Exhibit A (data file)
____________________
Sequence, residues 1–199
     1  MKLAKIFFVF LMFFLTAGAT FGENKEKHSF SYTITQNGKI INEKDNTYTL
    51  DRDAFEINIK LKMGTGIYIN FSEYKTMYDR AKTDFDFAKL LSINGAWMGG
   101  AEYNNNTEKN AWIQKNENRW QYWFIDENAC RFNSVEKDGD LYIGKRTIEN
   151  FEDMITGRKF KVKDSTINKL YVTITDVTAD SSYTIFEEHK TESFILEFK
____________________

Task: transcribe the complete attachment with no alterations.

Sequence, residues 1–199
     1  MKLAKIFFVF LMFFLTAGAT FGENKEKHSF SYTITQNGKI INEKDNTYTL
    51  DRDAFEINIK LKMGTGIYIN FSEYKTMYDR AKTDFDFAKL LSINGAWMGG
   101  AEYNNNTEKN AWIQKNENRW QYWFIDENAC RFNSVEKDGD LYIGKRTIEN
   151  FEDMITGRKF KVKDSTINKL YVTITDVTAD SSYTIFEEHK TESFILEFK